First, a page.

At a Glance
"Outstanding global brand equity"
"Great people and interesting assignments"
Flexibility in determining your work hours
"Huge, global knowledge and experience base available to draw on for help"
"Really high utilization targets force you to take projects that are not ideal"
"Not enough time and money spent on management and direction"
Easy to get lost in the shuffle
"Training is often cut to pad quarterly results"
"Granddaddy of all"
"Stable company to work for"
"Very slow to learn and change"
About IBM Global Technology Services
A limb of the Big Blue tree
IBM Global Technology Services (GTS) is the IT infrastructure and business process services segment of IBM, one of the largest IT and software companies in the world. It offers strategic outsourcing, business transformation outsourcing, integrated technology services, and maintenance and support, while the industries it targets include aerospace and defense, automotive, banking, chemicals, consumer products, education, electronics, energy and utilities, financial markets, government, health care, insurance, retail, telecommunications and others. Clients come in all shapes and sizes, the firm’s solutions are available at any scale, from small business to multinational enterprise.
IBM itself has been around since the 19th century, when it was making the earliest possible versions of computers, clockwork machines that computed, tabulated and recorded times and figures. The history of GTS is considerably shorter, having solidified as a major force in the industry in 1990s after IBM acquired PricewaterhouseCoopers Consulting, doubling its consulting staff and allowing the company to shift its focus away from manufacturing and commodities toward services. As the wheel of the business rotated and pushed services at the top, the next logical step was to make the head of global services, Sam Palmisano, the head of the whole firm. He was named CEO in 2002, and subsequently elected chairman of the board. Not long after, in 2005, IBM divested its PC business and the swing toward services was complete. Also at that time, Mike Daniels was put in charge of global technology services as senior vice president.
Setting a course
In 2007, GTS introduced a line of assessment tools, agility indicators, business process management software and content that could be custom made sector by sector, measuring different metrics for retail, for example, than it would for health care. Moreover, reflecting the modern market and customer base, the firm introduced technologies and services for businesses seeking out informed, self-sufficient consumers, such as a self-service kiosk with wireless functionality and point-of-sale options and redesigned customer relationship tools.
GTS’ IT strategy and architecture service practice, one of its primary consulting offerings, encompasses technology management consulting, transformation and optimization advisory, and SOA infrastructure consulting services. Engagements can address cost reduction, operational efficiency, carbon footprint reduction, improved time to market and customer satisfaction. In a "success story" published in February 2009, the firm reported that it had recently completed an engagement with Sisters of Mercy Health System, an organization with 27 medical facilities (18 acute care hospitals, two heart hospitals and seven "other medical facilities") and some 33,500 employees. In a bid to improve its medical record keeping, Sisters of Mercy had recently purchased a new information system to manage its records, but required assistance with training and implementation of the system across its facilities and workforce. Accordingly, IBM provided templates that standardized much of the roll-out and training across all facilities. Additionally, the GTS team deployed a number of existing IBM applications to support the record-keeping system going forward.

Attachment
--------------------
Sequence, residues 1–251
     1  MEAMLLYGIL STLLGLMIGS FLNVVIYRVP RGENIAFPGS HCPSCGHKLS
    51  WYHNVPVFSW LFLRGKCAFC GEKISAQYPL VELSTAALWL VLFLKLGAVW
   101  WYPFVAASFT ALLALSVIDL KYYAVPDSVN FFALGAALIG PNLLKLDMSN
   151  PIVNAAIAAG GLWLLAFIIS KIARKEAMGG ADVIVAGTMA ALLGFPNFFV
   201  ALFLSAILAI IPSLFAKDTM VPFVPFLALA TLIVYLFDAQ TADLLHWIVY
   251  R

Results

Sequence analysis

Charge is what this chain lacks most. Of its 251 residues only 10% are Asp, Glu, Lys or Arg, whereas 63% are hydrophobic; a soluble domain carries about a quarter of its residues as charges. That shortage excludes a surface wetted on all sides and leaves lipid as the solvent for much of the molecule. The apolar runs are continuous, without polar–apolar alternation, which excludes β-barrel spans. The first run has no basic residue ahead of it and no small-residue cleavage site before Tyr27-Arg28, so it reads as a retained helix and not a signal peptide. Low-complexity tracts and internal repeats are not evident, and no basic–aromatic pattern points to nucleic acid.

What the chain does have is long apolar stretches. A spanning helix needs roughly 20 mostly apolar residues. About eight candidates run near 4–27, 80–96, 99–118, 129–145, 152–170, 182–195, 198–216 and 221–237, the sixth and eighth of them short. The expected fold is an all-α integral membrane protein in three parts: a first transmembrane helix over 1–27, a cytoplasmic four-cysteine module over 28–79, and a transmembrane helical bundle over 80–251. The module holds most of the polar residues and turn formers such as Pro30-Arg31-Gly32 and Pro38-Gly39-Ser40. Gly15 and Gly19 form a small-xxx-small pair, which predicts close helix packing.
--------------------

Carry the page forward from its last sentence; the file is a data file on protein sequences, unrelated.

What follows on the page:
Let’s make a deal
IBM frequently seeks out acquisitions that will give it an advantage through new software and service capabilities or a foothold in an emerging geographic market. In October 2008, it announced an agreement to purchase ILOG, a France-based provider of business process management solutions. The added technology will enhance IBM’s current portfolio of rule management tools. In July that year, it picked up Platform Solutions, a maker of a dynamic mainframe that allows simultaneous use of multiple operating systems. Though Platform is a small company, the acquisition has the added benefit of making the patent infringement suit (IBM accusing Platform) and antitrust violation countersuit (Platform accusing IBM) between the two companies disappear. And in April 2008, the firm bought InfoDyne Corp. of Illinois, a maker of high-speed platforms and data feed connectors. The deal was an attractive one, as InfoDyne would boost the capability of IBM's WebSphere technology, giving financial services clients faster access to market data.
New Orchard Road
Armonk, NY 10504
Phone: (914) 499-1900
Employer Type: Public
Stock Symbol: IBM
Stock Exchange: NYSE
Senior Vice President: Erich Clementi
2010 Employees (All Locations): 400,000